By combining the measurements made by Hinode and the Solar Dynamics Observatory, Dr Iida and his colleagues could acquire the level of precision they needed in their images for the first time. All the same, their task was far from over; since the magnetic field patches on the solar surface are so small, the images obtained by the two satellites would contain many thousands of them. Keeping track of them all would require far more sophisticated analysis techniques than those used in previous studies.
To obtain this quality of analysis, the astronomers built an image recognition algorithm to identify the position of each patch, and the boundaries between them, within the images they obtained – enabling them to study their dynamics in unprecedented levels of detail. “We tackle the problem using satellite observations, which provide stable and continuous data,” Dr Iida summarises. “In addition, feature recognition by computers enables us to investigate the motion of a huge number of magnetic elements.”
Tackling the solar dynamo problem has been a top priority for many solar astronomers in previous decades.
These combined techniques enables the researchers to obtain many times more information than previous studies have had access to. “Together, the accumulated magnetogram obtained by Hinode, and the Solar Dynamic Observatory, provide a huge amount of observational data, and allow us to investigate the motion of individual magnetic elements,” continues Dr Iida.
Explaining patch formation and disappearance
In a 2012 study, the researchers demonstrated the capabilities of their techniques for the first time by exploring the processes underlying the formation and disappearance of magnetic field patches. Previous theories had suggested that patches could be formed both through the splitting of existing patches and the emergence of new patches; while their numbers could decrease both through mergers of two existing patches, and the cancellation of single patches.
Through their analysis, Dr Iida’s team found that splitting and merging occurred far more frequently than the emergence and cancellation of patches. This allowed them to construct new mathematical laws to explain how patches form and disappear. Having demonstrated the ability to carry out such advanced observation and computer analysis techniques, Dr Iida’s team were now suitably equipped to explore the solar dynamo problem from entirely new perspectives.
Tracking magnetic field motions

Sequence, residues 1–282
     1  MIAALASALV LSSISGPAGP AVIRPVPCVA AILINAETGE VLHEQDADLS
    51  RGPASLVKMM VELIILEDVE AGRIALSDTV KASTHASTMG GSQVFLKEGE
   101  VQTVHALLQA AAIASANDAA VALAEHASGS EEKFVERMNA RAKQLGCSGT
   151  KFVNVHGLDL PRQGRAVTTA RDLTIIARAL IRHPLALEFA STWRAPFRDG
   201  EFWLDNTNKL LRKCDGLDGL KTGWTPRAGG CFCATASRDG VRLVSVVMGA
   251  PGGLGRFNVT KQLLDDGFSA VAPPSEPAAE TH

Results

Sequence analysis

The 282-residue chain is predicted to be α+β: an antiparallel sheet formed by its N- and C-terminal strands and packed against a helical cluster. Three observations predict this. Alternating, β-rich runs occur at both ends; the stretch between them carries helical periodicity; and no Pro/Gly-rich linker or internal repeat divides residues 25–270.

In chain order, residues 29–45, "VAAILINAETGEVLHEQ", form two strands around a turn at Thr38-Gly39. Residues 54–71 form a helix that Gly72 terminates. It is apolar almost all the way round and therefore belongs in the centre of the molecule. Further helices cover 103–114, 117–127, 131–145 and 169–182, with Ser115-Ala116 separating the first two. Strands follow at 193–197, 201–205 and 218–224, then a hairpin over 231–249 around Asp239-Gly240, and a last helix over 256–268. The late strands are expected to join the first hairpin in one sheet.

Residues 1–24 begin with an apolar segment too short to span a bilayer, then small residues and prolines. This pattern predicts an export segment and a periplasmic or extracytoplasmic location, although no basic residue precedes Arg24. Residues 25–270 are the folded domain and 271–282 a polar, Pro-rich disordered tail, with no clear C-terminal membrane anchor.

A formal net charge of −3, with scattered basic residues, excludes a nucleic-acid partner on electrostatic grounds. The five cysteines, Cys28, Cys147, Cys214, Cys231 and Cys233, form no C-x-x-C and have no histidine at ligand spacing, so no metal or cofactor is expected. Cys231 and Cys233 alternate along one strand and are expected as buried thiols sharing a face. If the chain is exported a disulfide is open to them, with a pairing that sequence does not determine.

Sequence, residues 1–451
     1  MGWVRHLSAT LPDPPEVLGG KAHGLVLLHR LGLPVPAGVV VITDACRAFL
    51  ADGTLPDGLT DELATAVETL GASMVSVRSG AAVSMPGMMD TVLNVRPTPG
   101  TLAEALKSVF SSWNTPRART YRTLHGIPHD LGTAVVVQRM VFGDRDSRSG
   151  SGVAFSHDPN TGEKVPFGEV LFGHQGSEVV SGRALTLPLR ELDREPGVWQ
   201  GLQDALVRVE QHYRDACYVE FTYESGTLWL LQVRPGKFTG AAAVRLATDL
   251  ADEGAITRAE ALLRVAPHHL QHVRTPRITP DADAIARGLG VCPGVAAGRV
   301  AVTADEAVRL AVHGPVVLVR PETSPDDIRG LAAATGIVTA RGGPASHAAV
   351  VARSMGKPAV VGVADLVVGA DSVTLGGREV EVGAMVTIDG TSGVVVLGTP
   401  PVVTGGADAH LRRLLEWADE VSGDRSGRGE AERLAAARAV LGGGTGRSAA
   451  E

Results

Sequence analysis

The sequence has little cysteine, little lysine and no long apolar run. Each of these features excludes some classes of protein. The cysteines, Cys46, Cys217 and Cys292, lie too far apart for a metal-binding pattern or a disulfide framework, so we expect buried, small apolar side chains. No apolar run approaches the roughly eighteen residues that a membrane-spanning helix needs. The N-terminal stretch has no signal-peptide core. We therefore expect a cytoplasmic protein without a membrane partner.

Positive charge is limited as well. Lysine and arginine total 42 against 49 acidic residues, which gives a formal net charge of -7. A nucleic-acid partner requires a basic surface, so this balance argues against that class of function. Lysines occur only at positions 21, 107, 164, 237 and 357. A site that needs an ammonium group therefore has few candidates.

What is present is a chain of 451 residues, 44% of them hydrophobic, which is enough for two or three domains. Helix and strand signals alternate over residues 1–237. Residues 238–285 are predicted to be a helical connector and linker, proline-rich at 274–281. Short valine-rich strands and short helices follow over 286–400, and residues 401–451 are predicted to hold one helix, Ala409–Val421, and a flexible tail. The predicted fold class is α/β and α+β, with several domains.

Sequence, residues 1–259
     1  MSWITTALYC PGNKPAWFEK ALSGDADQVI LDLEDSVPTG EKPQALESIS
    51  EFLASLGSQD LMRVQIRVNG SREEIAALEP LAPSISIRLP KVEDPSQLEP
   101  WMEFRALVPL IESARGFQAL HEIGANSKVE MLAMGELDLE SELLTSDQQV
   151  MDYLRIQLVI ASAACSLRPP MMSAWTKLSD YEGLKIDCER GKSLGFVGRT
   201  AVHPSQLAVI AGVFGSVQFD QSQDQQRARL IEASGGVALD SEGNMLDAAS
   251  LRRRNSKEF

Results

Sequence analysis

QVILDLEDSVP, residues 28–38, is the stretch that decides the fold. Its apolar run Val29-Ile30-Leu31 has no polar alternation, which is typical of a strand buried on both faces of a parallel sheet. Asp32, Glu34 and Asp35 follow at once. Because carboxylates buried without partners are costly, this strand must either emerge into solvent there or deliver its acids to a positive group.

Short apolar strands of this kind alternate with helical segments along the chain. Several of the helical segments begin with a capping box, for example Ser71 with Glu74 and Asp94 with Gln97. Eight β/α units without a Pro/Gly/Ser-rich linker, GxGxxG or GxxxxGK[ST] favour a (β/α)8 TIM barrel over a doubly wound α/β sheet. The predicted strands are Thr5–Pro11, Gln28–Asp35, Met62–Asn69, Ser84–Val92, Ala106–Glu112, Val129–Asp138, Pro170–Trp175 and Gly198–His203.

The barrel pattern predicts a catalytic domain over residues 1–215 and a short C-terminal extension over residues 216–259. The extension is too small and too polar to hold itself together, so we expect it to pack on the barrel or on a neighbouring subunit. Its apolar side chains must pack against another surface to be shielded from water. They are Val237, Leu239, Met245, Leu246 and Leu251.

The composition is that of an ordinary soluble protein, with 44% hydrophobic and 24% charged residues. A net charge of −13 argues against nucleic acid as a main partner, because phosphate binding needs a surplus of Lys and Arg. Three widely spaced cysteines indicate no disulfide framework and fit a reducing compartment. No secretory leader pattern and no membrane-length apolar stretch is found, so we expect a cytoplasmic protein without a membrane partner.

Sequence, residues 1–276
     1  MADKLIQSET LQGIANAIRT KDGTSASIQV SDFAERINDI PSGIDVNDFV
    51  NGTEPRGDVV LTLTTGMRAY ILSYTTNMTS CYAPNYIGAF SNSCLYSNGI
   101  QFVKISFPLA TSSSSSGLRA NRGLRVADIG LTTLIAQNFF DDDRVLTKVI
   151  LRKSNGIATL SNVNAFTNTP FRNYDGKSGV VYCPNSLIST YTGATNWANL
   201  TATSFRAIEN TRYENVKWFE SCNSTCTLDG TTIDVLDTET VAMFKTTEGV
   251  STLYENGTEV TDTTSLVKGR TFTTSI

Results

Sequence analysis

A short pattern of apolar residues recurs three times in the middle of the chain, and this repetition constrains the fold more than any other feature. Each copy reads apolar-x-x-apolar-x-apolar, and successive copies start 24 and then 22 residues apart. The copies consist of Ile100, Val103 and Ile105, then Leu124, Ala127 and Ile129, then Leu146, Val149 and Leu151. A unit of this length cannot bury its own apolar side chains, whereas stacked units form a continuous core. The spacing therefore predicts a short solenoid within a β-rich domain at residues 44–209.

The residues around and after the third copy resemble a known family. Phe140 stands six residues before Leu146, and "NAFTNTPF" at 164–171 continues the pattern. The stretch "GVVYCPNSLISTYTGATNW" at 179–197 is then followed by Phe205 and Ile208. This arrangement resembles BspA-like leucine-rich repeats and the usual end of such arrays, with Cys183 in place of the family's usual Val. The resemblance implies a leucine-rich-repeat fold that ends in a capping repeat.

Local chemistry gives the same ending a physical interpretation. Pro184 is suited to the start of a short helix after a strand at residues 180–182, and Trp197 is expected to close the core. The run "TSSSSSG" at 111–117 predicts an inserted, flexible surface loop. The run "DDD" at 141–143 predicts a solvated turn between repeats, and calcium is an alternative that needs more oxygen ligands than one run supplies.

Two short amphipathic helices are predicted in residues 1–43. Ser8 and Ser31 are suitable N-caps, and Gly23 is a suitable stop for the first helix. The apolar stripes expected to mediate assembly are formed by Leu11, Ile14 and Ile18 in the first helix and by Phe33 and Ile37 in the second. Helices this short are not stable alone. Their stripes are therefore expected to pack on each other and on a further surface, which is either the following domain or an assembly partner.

In a further 2016 experiment, the astronomers investigated the transport of magnetic flux across the solar surface due to the convection of plasma. In turn, Dr Iida’s team hoped that this analysis would unravel some of the mysteries regarding how the cyclic variation in the Sun’s magnetic field is maintained. To do this, they used their feature recognition algorithms to study images collected over a five-day period – the longest magnetic field observation which had ever been performed on the Sun – to find how flux motions depended on time. This would reveal whether variations in flux motion were a missing piece of the puzzle for the solar dynamo problem.
Dr Iida’s team discovered that this time dependence is significantly different to that of plasma convection alone, which implied that flux was strongly influenced by the dynamics of smaller-scale magnetic field patches. These results, therefore, revealed that small-scale dynamics are crucial to studying the cyclical behaviour of the Sun’s magnetic field as a whole. Since the flux transport dynamo model assumes that the plasma convection and flux transport have the same dependence, this result reveals a significant source of error in its mathematics.
Solving the solar dynamo problem
So far, the results gathered by Dr Iida and his colleagues have shown that the flux transport dynamo model is still consistent with many of the observations made by the latest satellites, even when their images are analysed by advanced image recognition algorithms. However, they have also revealed the shortcomings of the model when it comes to the more intricate dynamics of the Sun’s magnetic field, which play out on far smaller scales than those studied previously. Ultimately, the work of Dr Iida brings solar astronomers a step closer towards a solution to the solar dynamo problem, providing critical new insights into the mysterious inner workings of our host star.